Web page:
The CJEU observed that it could not give further guidance on the application of Article 69 EPC, since it does not have jurisdiction to interpret the provisions of that convention, but that its application is a matter to be determined by the referring national court.
No further light is shed on the interpretation of Article 3(a) in Actavis since the CJEU declined to rule on this point given the answer to the second question referred in that case.
Judgment of the CJEU | Article 3(c)
The questions referred in Georgetown II and the second question in Actavis sought to clarify, in the light of comments in Medeva, whether Article 3(c) precludes the grant of more than one SPC per patent, even where the patent claims more than one product.
The CJEU decided in Georgetown II that, in circumstances where an SPC has already been obtained for a combination product and based on a patent which complies with Article 3(a), Article 3(c) does not preclude the patentee from obtaining an SPC for one of those active ingredients which, individually, is also protected by the basic patent.
However the CJEU took a different approach in Actavis where the patentee, Sanofi, had already obtained an SPC for irbesartan (which had expired) and had obtained a further SPC for the combination of irbesartan and hydrochlorothiazide, which Actavis sought to invalidate.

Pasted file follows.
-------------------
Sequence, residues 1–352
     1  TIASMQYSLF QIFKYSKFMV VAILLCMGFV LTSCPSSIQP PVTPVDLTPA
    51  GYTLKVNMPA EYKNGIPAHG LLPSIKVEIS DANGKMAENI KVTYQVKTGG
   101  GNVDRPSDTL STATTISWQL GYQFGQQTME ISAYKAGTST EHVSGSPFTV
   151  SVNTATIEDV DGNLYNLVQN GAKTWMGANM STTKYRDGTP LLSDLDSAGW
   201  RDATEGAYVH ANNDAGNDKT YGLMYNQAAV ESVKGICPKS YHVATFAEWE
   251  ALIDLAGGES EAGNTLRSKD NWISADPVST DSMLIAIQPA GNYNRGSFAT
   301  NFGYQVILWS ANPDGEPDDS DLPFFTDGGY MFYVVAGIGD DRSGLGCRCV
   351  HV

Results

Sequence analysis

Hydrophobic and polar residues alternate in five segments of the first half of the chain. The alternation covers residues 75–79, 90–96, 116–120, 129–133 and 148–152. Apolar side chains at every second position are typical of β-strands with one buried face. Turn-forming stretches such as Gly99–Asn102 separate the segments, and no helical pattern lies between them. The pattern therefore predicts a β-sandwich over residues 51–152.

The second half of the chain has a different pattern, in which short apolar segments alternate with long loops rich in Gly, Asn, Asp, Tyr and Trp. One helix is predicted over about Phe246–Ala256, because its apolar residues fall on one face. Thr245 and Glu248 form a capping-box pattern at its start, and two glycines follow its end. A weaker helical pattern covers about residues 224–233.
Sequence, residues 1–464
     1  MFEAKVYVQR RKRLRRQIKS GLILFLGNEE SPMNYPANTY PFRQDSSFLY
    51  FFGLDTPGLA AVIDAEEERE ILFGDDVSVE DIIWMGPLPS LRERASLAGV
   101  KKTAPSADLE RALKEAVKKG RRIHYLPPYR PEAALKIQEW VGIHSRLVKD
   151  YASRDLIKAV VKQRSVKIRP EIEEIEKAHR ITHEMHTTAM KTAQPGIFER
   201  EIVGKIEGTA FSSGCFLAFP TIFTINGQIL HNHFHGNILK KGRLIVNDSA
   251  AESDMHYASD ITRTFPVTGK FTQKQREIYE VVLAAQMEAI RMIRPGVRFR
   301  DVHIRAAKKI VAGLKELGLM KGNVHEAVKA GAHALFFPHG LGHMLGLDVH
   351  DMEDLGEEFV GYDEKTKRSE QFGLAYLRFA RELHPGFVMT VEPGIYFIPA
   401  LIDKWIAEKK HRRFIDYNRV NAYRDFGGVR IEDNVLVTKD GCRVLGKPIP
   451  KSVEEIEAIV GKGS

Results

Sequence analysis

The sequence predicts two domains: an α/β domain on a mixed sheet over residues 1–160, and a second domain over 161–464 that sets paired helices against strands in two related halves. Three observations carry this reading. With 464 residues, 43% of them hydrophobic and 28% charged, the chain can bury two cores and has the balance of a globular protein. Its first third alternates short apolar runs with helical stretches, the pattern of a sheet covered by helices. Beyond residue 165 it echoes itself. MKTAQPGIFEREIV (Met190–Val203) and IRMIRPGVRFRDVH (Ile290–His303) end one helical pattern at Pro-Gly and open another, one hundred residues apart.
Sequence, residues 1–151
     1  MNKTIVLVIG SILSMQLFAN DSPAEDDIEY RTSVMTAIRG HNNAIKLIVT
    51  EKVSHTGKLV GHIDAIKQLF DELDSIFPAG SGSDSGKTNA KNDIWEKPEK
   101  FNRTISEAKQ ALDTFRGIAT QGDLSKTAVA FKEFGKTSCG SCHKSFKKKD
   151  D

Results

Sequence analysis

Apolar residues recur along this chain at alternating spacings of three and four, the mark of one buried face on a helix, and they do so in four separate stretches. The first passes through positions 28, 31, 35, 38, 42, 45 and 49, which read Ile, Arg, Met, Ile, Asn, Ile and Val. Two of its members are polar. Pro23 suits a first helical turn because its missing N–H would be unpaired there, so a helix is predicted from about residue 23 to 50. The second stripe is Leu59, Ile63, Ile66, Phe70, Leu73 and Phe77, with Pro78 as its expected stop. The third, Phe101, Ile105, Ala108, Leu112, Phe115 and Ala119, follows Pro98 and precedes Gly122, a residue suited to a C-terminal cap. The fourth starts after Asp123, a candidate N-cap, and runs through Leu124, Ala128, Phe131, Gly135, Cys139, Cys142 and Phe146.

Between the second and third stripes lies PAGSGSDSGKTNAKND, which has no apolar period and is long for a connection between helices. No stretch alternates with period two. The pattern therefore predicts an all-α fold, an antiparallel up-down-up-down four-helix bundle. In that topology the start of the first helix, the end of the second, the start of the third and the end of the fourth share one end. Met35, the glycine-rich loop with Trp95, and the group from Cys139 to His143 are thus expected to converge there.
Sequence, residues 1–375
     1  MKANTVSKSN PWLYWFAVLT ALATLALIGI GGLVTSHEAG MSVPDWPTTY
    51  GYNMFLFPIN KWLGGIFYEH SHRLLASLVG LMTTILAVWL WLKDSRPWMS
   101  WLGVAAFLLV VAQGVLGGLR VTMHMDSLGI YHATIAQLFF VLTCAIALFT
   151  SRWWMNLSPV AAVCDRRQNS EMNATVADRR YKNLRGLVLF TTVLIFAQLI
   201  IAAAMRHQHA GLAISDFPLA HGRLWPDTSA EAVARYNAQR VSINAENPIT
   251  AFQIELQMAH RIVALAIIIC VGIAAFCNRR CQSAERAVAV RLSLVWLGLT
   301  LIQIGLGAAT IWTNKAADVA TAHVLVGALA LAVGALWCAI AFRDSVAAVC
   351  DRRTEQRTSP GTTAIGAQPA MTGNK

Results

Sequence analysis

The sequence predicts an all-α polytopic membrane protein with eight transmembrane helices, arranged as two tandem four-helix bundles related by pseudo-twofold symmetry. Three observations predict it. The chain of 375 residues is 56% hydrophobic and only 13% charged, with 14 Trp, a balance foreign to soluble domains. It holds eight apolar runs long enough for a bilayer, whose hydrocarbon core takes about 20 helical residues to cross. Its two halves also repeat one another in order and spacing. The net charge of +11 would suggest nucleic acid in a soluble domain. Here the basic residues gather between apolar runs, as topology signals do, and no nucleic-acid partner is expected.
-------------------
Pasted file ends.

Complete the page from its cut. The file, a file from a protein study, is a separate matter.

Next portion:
The distinction drawn by the CJEU, in holding that an SPC should not be available for the combination product, seems to have been driven by a concern that each of the products in the combination should be "protected as such" by the basic patent within the meaning of Article 3(a). The CJEU also considered it unacceptable that a patentee could obtain a new SPC each time he markets a medicinal product containing the principle active ingredient (i.e. the "core inventive advance" of that patent) and another active ingredient which is not protected as such by that patent.
Yet the CJEU had not in fact considered whether the "other" active ingredient in Actavis (hydrochlorothiazide) was protected or not, as it had decided not to answer the Article 3(a) question at all in view of its decision on Article 3(c). The CJEU simply stated that it was "common ground" that hydrochlorothiazide was not "protected as such" by the basic patent.
Whilst the CJEU has provided some helpful confirmation as to what is not the appropriate Article 3(a) test, this decision once again raises more questions than it answers. In particular, the words "necessarily and specifically" do not seem to take matters any further than the Medeva case. The CJEU’s conflation of the Article 3(a) and 3(c) issues in Actavis also fails to deliver clear guidance on the circumstances in which the "one SPC per product per patent" rule ought to apply.
Thus, the correct interpretation of Article 3 as a whole still remains somewhat unclear despite these three decisions of the CJEU. Further litigation before the national courts and references to the CJEU are, therefore, to be expected and the SPC Regulation will continue to raise problems for national patent offices and courts with the task of interpreting it.
HGS (now part of GSK) was represented in these proceedings by Powell Gilbert LLP.